Miller's Triangle is another useful concept to determine the type of assessments required in the assessment of competence. The triangle represents the different levels of learning that might be demonstrated by students. Notice, however, that the triangle does not specify a range of abilities within "knowing how". This is where the levels of learning in the psychomotor domain are useful.

 

Miller, G. E. (1990). The assessment of clinical skills/competence/performance. Academic Medicine, 65(9), S63-67. 

Affective Domain

Finally, we might engage students in instruction to change their attitudes. Engaging in this sort of instruction will raise a lot of questions about the sorts of attitudes that we want our students to have and about ethical considerations when teaching to change an attitude. We are not going to deal with those issues here. We are just suggesting that if the aim of instruction is attitudinal change then  there needs to be a way to assess the change. 

Internalise or characterise values

Adopt a belief system or philosophy.

Organise or conceptualise value

Reconcile internal conflicts and develop value system.

Value

Attach values & express personal opinions.

Respond

React and actively participate.

Receive

Open to experience, willing to hear.


Assessing Reflection

Assessing reflection can seem challenging at first, since a significant component of reflection appears to be in the affective (“feelings”) domain. But reflective practice means bringing in an intellectual understanding (cognitive domain) of how we feel or experience what we do (psychomotor domain). Thus the assessment is focused on the quality of the analysis. By understanding practice we improve it.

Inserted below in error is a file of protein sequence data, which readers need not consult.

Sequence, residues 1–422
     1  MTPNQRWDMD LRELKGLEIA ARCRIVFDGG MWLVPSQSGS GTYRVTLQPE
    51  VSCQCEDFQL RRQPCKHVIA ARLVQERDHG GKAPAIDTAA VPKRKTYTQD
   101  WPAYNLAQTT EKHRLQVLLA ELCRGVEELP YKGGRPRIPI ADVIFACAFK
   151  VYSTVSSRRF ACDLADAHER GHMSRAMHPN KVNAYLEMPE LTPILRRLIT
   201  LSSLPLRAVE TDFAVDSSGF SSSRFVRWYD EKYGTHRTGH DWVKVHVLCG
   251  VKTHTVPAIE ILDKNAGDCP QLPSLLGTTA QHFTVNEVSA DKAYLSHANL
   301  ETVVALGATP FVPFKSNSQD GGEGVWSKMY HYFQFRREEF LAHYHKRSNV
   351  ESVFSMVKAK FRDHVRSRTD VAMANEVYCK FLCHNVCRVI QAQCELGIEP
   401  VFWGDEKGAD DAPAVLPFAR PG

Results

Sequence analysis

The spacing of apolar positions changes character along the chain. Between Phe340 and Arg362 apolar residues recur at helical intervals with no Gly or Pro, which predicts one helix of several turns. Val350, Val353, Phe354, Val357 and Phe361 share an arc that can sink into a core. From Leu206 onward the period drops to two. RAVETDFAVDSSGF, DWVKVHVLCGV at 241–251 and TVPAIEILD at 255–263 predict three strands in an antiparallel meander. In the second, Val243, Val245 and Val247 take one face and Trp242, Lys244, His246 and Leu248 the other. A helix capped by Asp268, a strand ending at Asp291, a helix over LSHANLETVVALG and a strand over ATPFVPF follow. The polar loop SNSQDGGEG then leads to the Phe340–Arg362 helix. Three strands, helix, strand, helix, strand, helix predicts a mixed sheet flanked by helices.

Important strategies include teaching and expecting students to:

  1. Link to relevant professional standards.
  2. Focus on specific elements of reflection of particular tasks or interactions—avoid generic reflection.
  3. Reference appropriate literature
  4. Develop assessments that are criterion-based (rather than norms-based) assessment
  5. Think and evaluate critically so that superficial engagement does not pass
  6. Engage and interact with their peers, their instructors and the course content in the reflection process. 

Criteria should include:

  • Substantive engagement with the topic/element (rather than superficial or wholly descriptive)
  • Linkage to relevant literature made explicitly in the reflection
  • Iterative processes, where an instructor persistently and substantively engages with learners at points of reflection and points of synthesis.

Colleague's view

Fiona Kelly talks about using a peer assessment tool with her students


Wayne Hazel talks about assessment in the clinical setting


Portfolio Possibilities

Assessment: Theory to Practice


Check

  • Is my teaching practice based on relevant and up-to-date theories of assessment?
  • Do I understand the difference between formative and summative assessment, and use these methods appropriately in my teaching?
  • Do my assessment methods test an appropriate level of learning (as specified in learning outcomes)?